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What started out feeling like a bout of the flu ended in a life-threatening diagnosis for a Lonsdale man − one he and his family never imagined possible.  

Within days of feeling sick, Brian Strese was told he had a rare "flesh-eating bacteria," which left him fighting for his life. 

Brian’s battle began on Jan. 19, when he started feeling nauseous and ill. His wife, Tanya, said they assumed he had come down with the flu. One week later, however, his symptoms were more severe and his right leg started to ache. That’s when Tanya took him to Northfield Hospital, which likely saved his life.

After being examined by a doctor, they were told Brian's organs were shutting down and he needed more acute care. At that point, they were transferred to Abbott Northwestern. The cause of Brian's sudden illness could not have been more devastating.

“We were told we may be facing flesh-eating bacteria, which, at the time, we thought only happened to people we saw on the news,” Tanya said.

It was determined that Brian had necrotizing fasciitis, a group A Streptococcus bacteria which spreads through the body and damages flesh as it goes. According to WebMD, the bacteria are rare and can be fatal if not treated promptly. It spreads quickly and aggressively, and in Brian's case, it infected his blood causing sepsis and organ failure as it spread.

These lethal bacteria can enter the body following surgery or an injury; however, many times it's unknown how it is contracted. The bacteria can also enter the body through minor cuts, insect bites or abrasions, which they suspect was the case with Brian. Once the infection takes hold, it spreads rapidly destroying muscle, skin and fat tissue.

Over the past two months, Brian has required two ambulance transfers to three hospitals, and suffered septic shock, organ failure and ICU psychosis. He's now taking large doses of antibiotics and pain medication, after being treated with continuous dialysis, ventilators and feeding tubes to help his body fight off the invader.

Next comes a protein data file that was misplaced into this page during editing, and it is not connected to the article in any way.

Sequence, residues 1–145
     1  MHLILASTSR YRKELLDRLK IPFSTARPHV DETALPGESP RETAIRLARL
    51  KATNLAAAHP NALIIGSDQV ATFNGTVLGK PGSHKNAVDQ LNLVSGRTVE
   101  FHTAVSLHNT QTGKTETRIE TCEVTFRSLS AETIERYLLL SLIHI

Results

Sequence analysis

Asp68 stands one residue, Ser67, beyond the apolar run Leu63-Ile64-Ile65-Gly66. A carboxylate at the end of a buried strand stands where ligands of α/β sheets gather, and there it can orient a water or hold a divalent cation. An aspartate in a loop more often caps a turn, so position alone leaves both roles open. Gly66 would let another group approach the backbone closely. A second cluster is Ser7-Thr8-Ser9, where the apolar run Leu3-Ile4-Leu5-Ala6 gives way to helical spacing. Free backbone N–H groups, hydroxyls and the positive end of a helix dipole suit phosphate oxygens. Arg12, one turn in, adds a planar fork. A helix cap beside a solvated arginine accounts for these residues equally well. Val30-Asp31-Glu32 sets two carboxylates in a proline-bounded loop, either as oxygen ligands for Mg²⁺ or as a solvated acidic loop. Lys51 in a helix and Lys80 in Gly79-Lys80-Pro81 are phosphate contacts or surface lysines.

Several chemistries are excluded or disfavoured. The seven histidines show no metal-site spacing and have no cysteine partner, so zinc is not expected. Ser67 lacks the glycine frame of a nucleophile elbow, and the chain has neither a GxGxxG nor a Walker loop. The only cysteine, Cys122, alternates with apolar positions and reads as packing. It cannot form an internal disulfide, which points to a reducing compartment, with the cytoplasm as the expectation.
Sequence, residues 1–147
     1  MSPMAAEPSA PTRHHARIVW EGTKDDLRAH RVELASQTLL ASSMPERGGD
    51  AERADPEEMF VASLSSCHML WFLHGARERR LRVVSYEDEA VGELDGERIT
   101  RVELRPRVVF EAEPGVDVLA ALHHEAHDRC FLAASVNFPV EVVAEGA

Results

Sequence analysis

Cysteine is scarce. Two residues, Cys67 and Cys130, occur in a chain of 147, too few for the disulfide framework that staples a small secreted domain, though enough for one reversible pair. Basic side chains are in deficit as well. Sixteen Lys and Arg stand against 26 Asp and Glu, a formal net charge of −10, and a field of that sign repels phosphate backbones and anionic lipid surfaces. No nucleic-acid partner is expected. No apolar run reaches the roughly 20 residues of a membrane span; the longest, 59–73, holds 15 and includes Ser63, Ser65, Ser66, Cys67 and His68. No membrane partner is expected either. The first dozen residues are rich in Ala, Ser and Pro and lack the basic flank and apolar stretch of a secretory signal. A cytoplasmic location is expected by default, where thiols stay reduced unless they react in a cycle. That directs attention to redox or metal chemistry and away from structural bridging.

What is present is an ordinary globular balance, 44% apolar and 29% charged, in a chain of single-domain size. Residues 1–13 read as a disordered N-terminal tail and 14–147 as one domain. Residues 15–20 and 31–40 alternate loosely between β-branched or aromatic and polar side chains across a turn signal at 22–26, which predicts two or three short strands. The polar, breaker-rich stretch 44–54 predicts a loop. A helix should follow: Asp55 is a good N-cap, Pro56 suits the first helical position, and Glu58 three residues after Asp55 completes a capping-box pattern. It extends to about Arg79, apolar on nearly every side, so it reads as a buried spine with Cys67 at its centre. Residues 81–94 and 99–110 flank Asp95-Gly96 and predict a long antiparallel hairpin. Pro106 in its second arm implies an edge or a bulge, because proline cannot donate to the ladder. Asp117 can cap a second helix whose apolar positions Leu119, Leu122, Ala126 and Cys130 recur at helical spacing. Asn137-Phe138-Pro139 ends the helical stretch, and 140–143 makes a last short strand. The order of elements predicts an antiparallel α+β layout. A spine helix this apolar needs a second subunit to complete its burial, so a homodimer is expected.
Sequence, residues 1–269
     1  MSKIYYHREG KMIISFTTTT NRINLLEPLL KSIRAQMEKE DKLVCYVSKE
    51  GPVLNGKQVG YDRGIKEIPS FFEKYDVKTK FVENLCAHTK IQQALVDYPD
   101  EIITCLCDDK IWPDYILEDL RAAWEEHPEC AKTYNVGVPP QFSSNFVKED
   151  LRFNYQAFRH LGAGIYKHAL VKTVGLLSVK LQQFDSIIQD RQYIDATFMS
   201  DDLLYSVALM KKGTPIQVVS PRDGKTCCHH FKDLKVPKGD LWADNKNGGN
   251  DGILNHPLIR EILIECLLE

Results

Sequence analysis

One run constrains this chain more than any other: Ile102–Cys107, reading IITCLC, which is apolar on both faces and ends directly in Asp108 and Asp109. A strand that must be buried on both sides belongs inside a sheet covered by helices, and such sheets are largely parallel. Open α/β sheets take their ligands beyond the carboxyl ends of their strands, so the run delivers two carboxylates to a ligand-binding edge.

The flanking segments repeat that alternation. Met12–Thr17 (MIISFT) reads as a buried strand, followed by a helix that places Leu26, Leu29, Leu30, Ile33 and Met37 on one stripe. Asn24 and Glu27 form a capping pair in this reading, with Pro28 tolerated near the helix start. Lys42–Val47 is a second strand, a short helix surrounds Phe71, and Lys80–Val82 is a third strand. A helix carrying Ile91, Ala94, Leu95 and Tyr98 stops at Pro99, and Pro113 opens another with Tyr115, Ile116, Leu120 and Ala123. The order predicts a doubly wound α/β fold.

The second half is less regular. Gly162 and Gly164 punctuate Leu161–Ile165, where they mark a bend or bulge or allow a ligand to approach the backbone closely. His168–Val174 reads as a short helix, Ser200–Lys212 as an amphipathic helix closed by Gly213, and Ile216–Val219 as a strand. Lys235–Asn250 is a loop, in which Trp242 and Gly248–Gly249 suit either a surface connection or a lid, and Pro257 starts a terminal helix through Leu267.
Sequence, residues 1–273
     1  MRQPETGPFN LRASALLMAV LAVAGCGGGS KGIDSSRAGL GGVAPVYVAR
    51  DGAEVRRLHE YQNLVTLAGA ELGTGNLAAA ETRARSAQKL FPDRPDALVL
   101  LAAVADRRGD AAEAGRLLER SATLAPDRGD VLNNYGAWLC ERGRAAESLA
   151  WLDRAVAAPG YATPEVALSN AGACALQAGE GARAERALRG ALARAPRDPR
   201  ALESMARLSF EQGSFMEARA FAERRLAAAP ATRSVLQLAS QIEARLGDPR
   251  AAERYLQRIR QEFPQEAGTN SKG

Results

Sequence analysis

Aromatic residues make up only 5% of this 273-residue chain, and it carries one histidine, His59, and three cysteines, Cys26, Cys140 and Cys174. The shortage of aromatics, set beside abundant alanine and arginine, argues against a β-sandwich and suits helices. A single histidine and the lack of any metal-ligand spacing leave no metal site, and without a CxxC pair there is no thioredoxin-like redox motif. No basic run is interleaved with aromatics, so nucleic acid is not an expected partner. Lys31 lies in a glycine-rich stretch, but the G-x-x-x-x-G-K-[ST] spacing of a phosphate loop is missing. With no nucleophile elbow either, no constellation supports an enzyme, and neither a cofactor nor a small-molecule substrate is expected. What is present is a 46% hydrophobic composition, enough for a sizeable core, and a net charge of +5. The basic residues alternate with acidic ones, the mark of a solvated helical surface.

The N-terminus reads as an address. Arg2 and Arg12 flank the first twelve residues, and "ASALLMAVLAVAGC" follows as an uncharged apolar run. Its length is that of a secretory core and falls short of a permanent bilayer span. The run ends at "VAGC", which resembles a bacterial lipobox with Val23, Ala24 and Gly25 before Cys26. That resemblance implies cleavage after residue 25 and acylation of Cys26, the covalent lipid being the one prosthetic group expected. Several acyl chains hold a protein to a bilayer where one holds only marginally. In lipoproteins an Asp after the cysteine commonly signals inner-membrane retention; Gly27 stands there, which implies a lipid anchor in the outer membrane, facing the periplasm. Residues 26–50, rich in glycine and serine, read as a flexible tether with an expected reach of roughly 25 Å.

Tanya explained that once they were at Abbott, Brian went into surgery and a layer of skin and muscle was removed from his leg. The next day, doctors saw that more tissue was infected, and he was operated on once more. He was then transferred to the burn unit of Hennepin County Medical Center in Minneapolis, where they could care for his large wound. He endured five more surgeries where layers of infected tissue were removed before they were sure the bacteria were gone. 

With the threat of the infection now behind them, Tanya said the doctors then needed to assess the functionality of Brian's leg. After a sixth surgery to examine the remaining tissue, she said they were told that his leg was essentially non-functioning and amputation was recommended. If they did not amputate, she said, Brian would remain bedridden for at least a year while his wound healed, leaving him susceptible to other infections, only to have a leg that was unusable.

They made their decision and Brian had his leg amputated above the knee. Tanya said he has since had skin graft surgery and is recovering. He was released from the hospital on Thursday (March 16), and she said he is adjusting to a new reality at home with her and their 7-year-old daughter Desirae. Through it all, Tanya said, he is trying to remain positive as he regains his strength and comes to terms with what happened.

"I'd say only 20 percent of his issues are related to his leg. He's still mostly recovering from sepsis. He had to learn how to swallow again," she said. "He's only been coherent for about four weeks and is still grasping what happened."

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Brian may require a second skin graft surgery, and Tanya said they were told it would be about eight months before he could begin to be fitted for a prosthetic. It may take up to two years before he's able to work again.

His rehabilitation will include weekly trips to the Twin Cities for occupational therapy, speech therapy, physical therapy and treatment for Post-Traumatic Stress Disorder (PTSD) as he physically and mentally recovers from the ordeal.  

“Our goal is to get Brian back to work and doing everything that he loves − just like he used to,” she said. “Only God knows when that time will come, but for now we know we have a long road ahead of us.”

Now that the medical scare threatening Brian’s life is behind them, the family is facing financial challenges as they struggle to pay medical bills on a single income.  

To help them cope with the financial strain, Tanya set up a GoFundMe account online. To contribute to the family's medical and living expenses, go to www.gofundme.com/brianstrese.

“While our family feels extremely blessed that Brian is alive … it is very humbling to reach out and ask for financial support from your family and friends,” Tanya said. “I never in a million years thought we would be that family.”

Lori Nickel is the publisher and editor of the Lonsdale News-Review. Reach her at 507-744-2551.

This article originally ran on southernminn.com.

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